UA-43475823-1

The Wrongologist

Geopolitics, Power and Political Economy

Important Lessons About the Youth Vote in Iowa

The Daily Escape:

Left Mitten, Monument Valley NP, AZ – photo by Enigma Fotos

The Iowa caucuses are just around the corner. On February 3, Iowans will kick off the primary season. With so many candidates still running, it may only take 40,000 votes to “win” the caucus. Vox quotes Norm Zterzenbach, former Iowa Democratic Party official:

“Maybe the top candidate ends up with 20%, because you’ve got six strong candidates going into caucus night….that’s only 40,000-50,000 votes.”

538 says that it’s likely that Sanders finishes first in Iowa. It’s a little complicated, since Iowa has 41 delegates, of which 14 are decided by the state-wide vote, and 27 by the vote in each Congressional district. Here’s 538’s forecasted vote tally:

Sanders:   13.0

Biden:       12.4

Buttigieg:   8.0

Warren:     5.4

All other:   2.2

An important factor affecting the outcome could be Iowa’s youth vote. Tufts University reports:

“Young people are poised for a potentially historic turnout in the upcoming Iowa caucuses, and young Democrats prefer Sen. Bernie Sanders…”

This is based on a poll by Tufts and Suffolk University who surveyed 500 young Iowa residents ages 18-29, who are eligible to vote, regardless of their voter registration status. The survey was conducted between Jan. 15 and Jan. 20, by telephone. The margin of error is +/-4.4%.

The key findings were:

  • More than a third (35%) of young Iowans (ages 18-29) surveyed say they are “extremely likely” to caucus on Feb. 3, 2020
  • That would represent a 300% increase over youth voter participation in 2016, when 11% participated
  • Moreover, the last two times that only one party had an active nominating contest, youth turnout in the Iowa caucuses was only 4%
  • 39% of young Iowans polled intend to caucus for Sanders, followed by 19% for Warren, and 14% for Buttigieg
  • Among young Iowans, Yang was favored by 9% while Biden only had 7%
  • Among all Iowa youth polled (Democrats, Republicans, and independents), 41% support, and 49% don’t support Trump’s impeachment and removal
  • On the issues, those polled said the following issues were most important: health care (18%), the environment (12%), taxes, (mostly mentioned by young Republicans) at 12%, and international relations (9%)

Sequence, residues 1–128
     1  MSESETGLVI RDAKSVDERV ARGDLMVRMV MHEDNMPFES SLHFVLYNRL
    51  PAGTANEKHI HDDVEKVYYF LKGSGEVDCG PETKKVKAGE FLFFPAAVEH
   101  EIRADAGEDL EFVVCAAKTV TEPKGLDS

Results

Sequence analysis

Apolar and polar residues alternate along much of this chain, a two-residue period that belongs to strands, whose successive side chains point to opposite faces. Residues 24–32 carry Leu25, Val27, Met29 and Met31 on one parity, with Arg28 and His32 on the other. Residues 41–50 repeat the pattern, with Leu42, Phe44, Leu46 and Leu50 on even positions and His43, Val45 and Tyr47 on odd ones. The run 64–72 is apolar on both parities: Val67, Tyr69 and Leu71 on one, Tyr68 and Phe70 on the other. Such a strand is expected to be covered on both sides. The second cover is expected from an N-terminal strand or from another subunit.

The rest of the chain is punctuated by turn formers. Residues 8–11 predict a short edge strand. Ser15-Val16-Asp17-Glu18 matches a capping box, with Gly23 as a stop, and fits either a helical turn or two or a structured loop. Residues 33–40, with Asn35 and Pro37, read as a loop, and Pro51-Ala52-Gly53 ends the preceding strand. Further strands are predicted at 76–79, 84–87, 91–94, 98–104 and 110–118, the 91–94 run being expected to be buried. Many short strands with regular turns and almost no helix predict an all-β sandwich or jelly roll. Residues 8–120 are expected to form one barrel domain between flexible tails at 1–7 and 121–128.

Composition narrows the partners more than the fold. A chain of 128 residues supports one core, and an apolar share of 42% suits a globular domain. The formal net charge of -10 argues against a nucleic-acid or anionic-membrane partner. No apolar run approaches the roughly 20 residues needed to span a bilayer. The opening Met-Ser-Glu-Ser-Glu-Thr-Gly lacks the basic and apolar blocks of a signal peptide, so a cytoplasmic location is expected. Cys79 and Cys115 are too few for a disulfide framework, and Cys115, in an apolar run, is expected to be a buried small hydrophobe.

The youth vote played a decisive role in the 2008 caucuses when 57% of young caucus goers supported then-Senator Obama, helping propel him to a win in Iowa. In 2016, according to the exit polls, 84% of Iowa youth supported Bernie Sanders at the Democratic caucuses, giving Sanders a virtual tie with Hillary Clinton (who won 49.9% to 49.6%) and kicking off a trend of national youth support for Sanders throughout the 2016 Democratic primaries.

Winning any election depends on turnout, and Iowa is no exception. In the Tufts poll, 72% of Iowa youth said they have been personally contacted and asked to support a specific candidate or party. That included 82% of young Democrats, and 75% of those who are Independent or unaffiliated.

One-fifth (21%) of all in the poll said that they want to register to vote, but didn’t know how. Tellingly, more than half (55%) didn’t know that they have to register with a party in order to participate.

Can anything be more depressing than learning that 55% of kids over 18 in Iowa don’t have a basic understanding of civics? Wrongo suspects that this is true in most states. Insuring that all people are registered to vote should be every politician’s job #1. The best way to achieve this is automatic voter registration (AVR).

Oregon was the first state to implement an AVR system in 2015. And in 2016, it saw 44% of automatically registered voters cast a ballot. Since Oregon, fifteen more states, and DC, have followed suit.

In general, states that have implemented AVR have higher voter turnout rates.

There are two main types of AVR implementation: front-end and back-end. In a back-end system like Oregon’s, eligible voters are automatically added to the voter rolls when they interact with a government agency. They are given the chance to opt out via mail afterward.

In a front-end system, like California’s or Colorado’s, individuals are required to decide whether they want to register to vote, or indicate if they want to update their address while interacting with an agency. While there are advantages to each approach, front-end systems do not register as many people as back end systems. Maybe people hate spending more time at the DMV.

Nothing is more sacred to our democracy than the right to vote, but, our national electoral system is broken by gerrymandering and partisan purging of the voter rolls.

If voter rolls are missing certain groups (such as low-income voters, rural voters, and young voters) those people will not be canvassed, or mobilized, and will not turn out to vote at election time.

Facebooklinkedinrss

Your email address will not be published. Required fields are marked *

*

This site uses Akismet to reduce spam. Learn how your comment data is processed.